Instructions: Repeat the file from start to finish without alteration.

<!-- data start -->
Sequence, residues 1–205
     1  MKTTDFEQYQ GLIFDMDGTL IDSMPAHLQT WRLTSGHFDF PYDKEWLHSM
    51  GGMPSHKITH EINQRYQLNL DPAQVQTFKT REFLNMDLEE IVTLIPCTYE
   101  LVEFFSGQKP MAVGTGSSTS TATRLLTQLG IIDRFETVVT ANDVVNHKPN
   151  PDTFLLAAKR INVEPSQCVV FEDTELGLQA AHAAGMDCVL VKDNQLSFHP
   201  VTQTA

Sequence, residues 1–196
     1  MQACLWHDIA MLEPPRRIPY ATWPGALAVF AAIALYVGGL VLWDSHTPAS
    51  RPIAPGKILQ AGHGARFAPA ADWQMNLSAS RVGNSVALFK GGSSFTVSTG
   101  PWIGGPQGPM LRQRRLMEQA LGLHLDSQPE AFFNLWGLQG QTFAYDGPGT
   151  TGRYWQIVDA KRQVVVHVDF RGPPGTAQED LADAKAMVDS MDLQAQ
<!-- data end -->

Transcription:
Sequence, residues 1–205
     1  MKTTDFEQYQ GLIFDMDGTL IDSMPAHLQT WRLTSGHFDF PYDKEWLHSM
    51  GGMPSHKITH EINQRYQLNL DPAQVQTFKT REFLNMDLEE IVTLIPCTYE
   101  LVEFFSGQKP MAVGTGSSTS TATRLLTQLG IIDRFETVVT ANDVVNHKPN
   151  PDTFLLAAKR INVEPSQCVV FEDTELGLQA AHAAGMDCVL VKDNQLSFHP
   201  VTQTA

Sequence, residues 1–196
     1  MQACLWHDIA MLEPPRRIPY ATWPGALAVF AAIALYVGGL VLWDSHTPAS
    51  RPIAPGKILQ AGHGARFAPA ADWQMNLSAS RVGNSVALFK GGSSFTVSTG
   101  PWIGGPQGPM LRQRRLMEQA LGLHLDSQPE AFFNLWGLQG QTFAYDGPGT
   151  TGRYWQIVDA KRQVVVHVDF RGPPGTAQED LADAKAMVDS MDLQAQ